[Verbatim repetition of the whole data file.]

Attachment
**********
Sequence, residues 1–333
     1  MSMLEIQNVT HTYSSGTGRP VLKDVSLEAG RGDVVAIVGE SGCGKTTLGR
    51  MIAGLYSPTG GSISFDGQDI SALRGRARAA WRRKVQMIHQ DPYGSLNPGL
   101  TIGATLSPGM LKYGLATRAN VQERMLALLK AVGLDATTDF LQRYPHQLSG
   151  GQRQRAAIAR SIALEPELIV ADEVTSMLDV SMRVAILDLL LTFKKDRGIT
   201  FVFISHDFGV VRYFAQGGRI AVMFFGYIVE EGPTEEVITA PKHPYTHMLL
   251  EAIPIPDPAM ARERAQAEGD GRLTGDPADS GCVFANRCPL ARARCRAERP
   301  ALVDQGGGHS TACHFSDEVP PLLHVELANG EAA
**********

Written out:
Sequence, residues 1–333
     1  MSMLEIQNVT HTYSSGTGRP VLKDVSLEAG RGDVVAIVGE SGCGKTTLGR
    51  MIAGLYSPTG GSISFDGQDI SALRGRARAA WRRKVQMIHQ DPYGSLNPGL
   101  TIGATLSPGM LKYGLATRAN VQERMLALLK AVGLDATTDF LQRYPHQLSG
   151  GQRQRAAIAR SIALEPELIV ADEVTSMLDV SMRVAILDLL LTFKKDRGIT
   201  FVFISHDFGV VRYFAQGGRI AVMFFGYIVE EGPTEEVITA PKHPYTHMLL
   251  EAIPIPDPAM ARERAQAEGD GRLTGDPADS GCVFANRCPL ARARCRAERP
   301  ALVDQGGGHS TACHFSDEVP PLLHVELANG EAA